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1964 Republican National Convention
1964 Presidential Election
Barry Goldwater photo1962.jpg William-Miller.jpg
Goldwater and Miller
Date(s) July 13–July 16, 1964
City Daly City, California
Venue Cow Palace
Notable speakers Richard M. Nixon
Nelson Rockefeller
Presidential nominee Barry Goldwater of Arizona
Vice Presidential nominee William E. Miller of New York
Other candidates Nelson Rockefeller
William Scranton
Total delegates 1,308
Votes needed for nomination 655
Results (President) Goldwater (AZ): 883 (67.50%)
Scranton (PA): 214 (16.36%)
Rockefeller (NY): 114 (8.72%)
Results (Vice President) Miller (NY): 100% (Roll call)
Ballots 1
1960  ·  1968

The 1964 National Convention of the Republican Party of the United States took place in the Cow Palace, Daly City, California, on July 13 to July 16, 1964. Before 1964, there had been only one (1956) national Republican convention on the West Coast. Many believed that a convention at San Francisco indicated the rising power of the Republican party in the west.[1]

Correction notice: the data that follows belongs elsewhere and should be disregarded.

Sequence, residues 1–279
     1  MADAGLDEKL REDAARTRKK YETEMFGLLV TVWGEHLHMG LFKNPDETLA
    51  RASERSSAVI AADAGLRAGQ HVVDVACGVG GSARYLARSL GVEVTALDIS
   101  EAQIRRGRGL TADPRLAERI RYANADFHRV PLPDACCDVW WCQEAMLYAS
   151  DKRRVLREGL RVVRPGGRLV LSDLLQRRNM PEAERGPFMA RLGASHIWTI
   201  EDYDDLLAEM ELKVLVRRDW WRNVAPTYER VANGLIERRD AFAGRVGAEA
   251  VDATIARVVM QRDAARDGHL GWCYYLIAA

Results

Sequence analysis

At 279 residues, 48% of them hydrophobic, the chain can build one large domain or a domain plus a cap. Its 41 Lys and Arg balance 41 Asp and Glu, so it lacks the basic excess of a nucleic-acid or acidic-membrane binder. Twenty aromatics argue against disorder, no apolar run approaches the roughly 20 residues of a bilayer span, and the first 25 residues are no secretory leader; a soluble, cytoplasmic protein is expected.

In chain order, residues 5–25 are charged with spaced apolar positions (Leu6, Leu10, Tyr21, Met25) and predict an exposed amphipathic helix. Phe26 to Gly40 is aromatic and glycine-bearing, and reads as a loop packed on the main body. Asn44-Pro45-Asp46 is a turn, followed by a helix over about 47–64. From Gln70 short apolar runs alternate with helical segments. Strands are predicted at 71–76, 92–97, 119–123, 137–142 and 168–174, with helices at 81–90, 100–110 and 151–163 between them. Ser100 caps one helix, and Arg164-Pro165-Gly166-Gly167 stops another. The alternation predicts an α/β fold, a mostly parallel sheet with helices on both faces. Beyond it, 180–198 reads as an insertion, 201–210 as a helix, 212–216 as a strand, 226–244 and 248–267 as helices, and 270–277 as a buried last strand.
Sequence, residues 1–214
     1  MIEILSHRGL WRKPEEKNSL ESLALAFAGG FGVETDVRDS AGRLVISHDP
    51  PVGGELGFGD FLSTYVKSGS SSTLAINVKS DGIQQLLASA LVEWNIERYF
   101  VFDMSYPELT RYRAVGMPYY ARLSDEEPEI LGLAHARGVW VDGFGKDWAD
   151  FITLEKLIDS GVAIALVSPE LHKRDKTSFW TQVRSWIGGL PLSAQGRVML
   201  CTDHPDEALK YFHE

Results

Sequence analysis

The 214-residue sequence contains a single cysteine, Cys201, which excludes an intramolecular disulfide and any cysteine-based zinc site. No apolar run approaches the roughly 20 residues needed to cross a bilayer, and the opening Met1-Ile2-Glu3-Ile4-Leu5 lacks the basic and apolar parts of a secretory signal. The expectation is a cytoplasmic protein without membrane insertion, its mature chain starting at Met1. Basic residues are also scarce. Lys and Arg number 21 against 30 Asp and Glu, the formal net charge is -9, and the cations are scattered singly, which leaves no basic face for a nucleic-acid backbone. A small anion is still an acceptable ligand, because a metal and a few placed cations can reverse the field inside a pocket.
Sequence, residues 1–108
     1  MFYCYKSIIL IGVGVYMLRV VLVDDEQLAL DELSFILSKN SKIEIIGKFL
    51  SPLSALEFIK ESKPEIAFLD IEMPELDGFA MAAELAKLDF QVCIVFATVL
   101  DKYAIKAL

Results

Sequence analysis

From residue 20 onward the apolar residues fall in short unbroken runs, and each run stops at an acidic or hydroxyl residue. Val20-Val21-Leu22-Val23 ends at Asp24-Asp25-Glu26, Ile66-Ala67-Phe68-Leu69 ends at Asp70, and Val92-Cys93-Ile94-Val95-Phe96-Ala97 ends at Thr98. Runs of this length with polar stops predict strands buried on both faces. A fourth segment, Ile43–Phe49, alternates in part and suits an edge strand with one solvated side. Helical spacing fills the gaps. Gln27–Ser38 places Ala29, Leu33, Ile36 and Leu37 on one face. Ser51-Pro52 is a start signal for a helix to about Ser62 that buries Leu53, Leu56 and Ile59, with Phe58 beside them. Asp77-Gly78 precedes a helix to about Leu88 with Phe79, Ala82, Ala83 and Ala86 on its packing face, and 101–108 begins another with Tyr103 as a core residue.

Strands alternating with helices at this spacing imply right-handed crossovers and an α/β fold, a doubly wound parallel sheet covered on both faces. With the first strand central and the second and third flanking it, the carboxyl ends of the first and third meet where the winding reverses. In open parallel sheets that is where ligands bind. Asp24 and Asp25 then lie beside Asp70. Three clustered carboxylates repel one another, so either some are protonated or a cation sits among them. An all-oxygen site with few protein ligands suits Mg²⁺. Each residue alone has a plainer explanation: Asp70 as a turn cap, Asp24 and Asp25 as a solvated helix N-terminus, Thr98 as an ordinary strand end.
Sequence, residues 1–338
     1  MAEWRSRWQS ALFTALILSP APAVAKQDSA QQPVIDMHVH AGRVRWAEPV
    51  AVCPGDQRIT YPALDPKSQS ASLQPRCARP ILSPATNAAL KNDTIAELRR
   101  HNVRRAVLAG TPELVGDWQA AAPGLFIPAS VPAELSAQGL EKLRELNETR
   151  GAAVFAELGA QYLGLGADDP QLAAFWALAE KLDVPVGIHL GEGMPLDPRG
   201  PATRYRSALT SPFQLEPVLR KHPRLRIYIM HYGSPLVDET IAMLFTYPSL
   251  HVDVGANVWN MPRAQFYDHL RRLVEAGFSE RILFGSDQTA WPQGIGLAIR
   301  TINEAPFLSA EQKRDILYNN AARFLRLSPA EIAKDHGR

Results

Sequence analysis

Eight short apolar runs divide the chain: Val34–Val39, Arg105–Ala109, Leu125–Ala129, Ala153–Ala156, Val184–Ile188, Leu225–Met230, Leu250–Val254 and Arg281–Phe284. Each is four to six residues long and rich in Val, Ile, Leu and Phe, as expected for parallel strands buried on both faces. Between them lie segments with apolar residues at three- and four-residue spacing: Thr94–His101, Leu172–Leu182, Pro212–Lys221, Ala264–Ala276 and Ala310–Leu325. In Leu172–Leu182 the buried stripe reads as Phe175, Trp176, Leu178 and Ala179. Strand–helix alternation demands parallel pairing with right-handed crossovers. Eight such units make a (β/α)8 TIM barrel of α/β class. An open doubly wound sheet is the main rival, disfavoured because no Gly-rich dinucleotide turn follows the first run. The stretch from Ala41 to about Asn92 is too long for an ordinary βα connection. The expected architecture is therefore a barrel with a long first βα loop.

Political context[edit]

The Republican primaries of 1964 featured liberal Nelson Rockefeller of New York and conservative Barry Goldwater of Arizona as the two leading candidates. Shortly before the California primary, Rockefeller's wife, whom he had just married the previous year soon after divorcing his previous wife, gave birth; this drew renewed attention to his family life which hurt his popularity among conservatives and led to Goldwater winning the primary.[citation needed] An anti-Goldwater organization called for the nomination of Governor William Scranton of Pennsylvania, but the effort failed. Although former President Dwight Eisenhower only reluctantly supported Goldwater after he won the nomination, former President Herbert Hoover gave him enthusiastic endorsement. By the end of the primaries, Goldwater's nomination was secure.